“How are you?” “Fine”

“How are you?” “Fine”

A colleague recently sent me an opinion piece from The New York Times. I really enjoyed reading this article and, in my opinion, it is very accurate. Now, do not get me wrong, I bet a lot of people (especially the younger generation) probably will disagree, but for me, and majority of my patients, this is very true. Though I must say that some Americans told me things I felt I did not want to know at all and some Russians guard their personal life and feelings as a top-secret.

I really do not think that Russians are unable to “fake fineness” due to some “opposition” to enthusiasm, proclamations of joy and optimism of the Soviet government.

I know that I can “fake fineness” almost perfectly after living in the US for almost 20 years. Most of the time, I do not feel like faking at all.

I actually think that traditionally Russian people are more open and direct and may be even more sincere and genuine than some Americans. Russians love to talk and some (but just some) of them are great at listening. And after all if there is a question mark at the end of the sentence that implies an answer (and not just a one word answer). If you ask old school Russians “How are you?” – you most likely will hear everything what happened to them, their family members, friends, neighbors, etc. for the last month (if not the last year or decade). There is a story I’ve told many times about having stiff facial muscles at the end of the day because of the constant smiling at strangers all day long. This is something I would never do in Russia, because people would think that I’m not well if I just smile without any specific reason for it.

And I suddenly realized, after reading this article, that I’m probably more depressed now, because I must smile and be fine all day long, while my patients are complaining non-stop and quite often angry and gloomy, but I do not get a chance air my own grievances!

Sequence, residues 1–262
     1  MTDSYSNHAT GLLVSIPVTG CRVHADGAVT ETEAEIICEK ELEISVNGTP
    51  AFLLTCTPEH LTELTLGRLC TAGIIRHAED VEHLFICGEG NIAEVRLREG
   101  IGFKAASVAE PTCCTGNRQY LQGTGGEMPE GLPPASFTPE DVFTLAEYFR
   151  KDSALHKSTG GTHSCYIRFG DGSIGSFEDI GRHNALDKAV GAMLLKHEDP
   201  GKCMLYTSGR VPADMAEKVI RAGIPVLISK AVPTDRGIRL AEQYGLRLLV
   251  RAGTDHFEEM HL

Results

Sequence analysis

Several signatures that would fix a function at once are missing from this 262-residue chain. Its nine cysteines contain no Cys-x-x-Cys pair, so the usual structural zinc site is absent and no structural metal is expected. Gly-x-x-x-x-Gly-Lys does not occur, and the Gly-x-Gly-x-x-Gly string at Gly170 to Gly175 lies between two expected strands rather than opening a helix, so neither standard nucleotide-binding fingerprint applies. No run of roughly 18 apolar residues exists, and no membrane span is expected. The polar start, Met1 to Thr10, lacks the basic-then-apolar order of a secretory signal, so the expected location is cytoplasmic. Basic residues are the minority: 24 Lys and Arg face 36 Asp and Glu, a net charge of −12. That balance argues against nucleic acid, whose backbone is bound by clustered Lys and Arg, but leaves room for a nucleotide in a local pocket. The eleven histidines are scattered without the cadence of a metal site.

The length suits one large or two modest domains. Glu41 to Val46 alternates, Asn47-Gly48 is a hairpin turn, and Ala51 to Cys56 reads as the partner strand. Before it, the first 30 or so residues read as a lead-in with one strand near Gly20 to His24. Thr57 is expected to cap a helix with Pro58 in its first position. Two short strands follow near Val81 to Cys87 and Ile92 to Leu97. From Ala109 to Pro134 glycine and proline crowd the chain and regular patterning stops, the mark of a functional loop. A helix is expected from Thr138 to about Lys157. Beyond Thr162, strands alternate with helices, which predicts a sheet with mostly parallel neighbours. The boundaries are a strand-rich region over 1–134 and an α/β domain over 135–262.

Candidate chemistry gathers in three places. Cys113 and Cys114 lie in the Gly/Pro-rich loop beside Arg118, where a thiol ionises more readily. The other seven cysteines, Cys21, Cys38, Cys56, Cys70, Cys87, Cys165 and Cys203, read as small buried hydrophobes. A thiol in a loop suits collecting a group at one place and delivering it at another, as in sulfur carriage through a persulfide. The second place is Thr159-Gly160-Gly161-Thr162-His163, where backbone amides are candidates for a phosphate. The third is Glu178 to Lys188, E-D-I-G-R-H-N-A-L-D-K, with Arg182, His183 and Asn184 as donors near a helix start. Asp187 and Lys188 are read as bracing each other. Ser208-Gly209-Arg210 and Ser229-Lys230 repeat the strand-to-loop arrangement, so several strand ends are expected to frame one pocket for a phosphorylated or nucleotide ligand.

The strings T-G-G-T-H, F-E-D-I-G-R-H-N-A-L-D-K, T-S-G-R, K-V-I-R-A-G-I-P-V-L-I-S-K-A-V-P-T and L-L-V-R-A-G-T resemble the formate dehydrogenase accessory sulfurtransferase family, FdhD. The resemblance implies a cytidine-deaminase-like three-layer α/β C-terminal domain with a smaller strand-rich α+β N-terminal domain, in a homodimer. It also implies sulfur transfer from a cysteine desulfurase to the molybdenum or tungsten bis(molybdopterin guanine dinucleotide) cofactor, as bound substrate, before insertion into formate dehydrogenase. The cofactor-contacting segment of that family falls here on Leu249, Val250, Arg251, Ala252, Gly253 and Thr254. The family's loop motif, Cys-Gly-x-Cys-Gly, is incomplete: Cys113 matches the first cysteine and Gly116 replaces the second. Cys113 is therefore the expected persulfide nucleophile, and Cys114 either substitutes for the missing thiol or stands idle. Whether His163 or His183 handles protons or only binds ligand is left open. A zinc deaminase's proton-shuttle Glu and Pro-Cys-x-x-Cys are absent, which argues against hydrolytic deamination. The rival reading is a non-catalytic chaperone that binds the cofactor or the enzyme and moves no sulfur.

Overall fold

Then, a couple of days after reading this article, I went to get some gas early in the morning. There was a wind chill warning that day (the wind chills to – 30F) there were just a few cars at the gas station. As soon as I got out of the car, I was frozen and almost blown away by an awful wind. An employee appeared in front of me. A shapeless, ageless female in her winter uniform and neon orange vest over that, and her face covered by a balaclava hat so I could see only her eyes behind the eyeglasses.

“How are you?” she asked.

“Cold,” I replied. “How are you?”

“Great!!!” she answered enthusiastically.

“Aren’t you cold???” I asked with disbelief.

“It is not too bad today,” she replied. “During the recent Polar Vortex we got wind chills to – 52F in here, so today is not bad at all.” She actually sounded happy. “And I’m almost done with my shift.”

“I’m happy for you,” I said, thinking that she is probably counting seconds to go home.

Instead, she replied, “I have less than 5 hours to go.” And with that, she moved on to cheer up the other drivers getting out of their cars.

When I got back into my car I could not feel my hands or feet, but I realized that this woman made my day, that I would take this small talk, this optimism, and this smile a hundred times over the angry, grim, murky, and gloomy outlook from my former fellow-countrymen.


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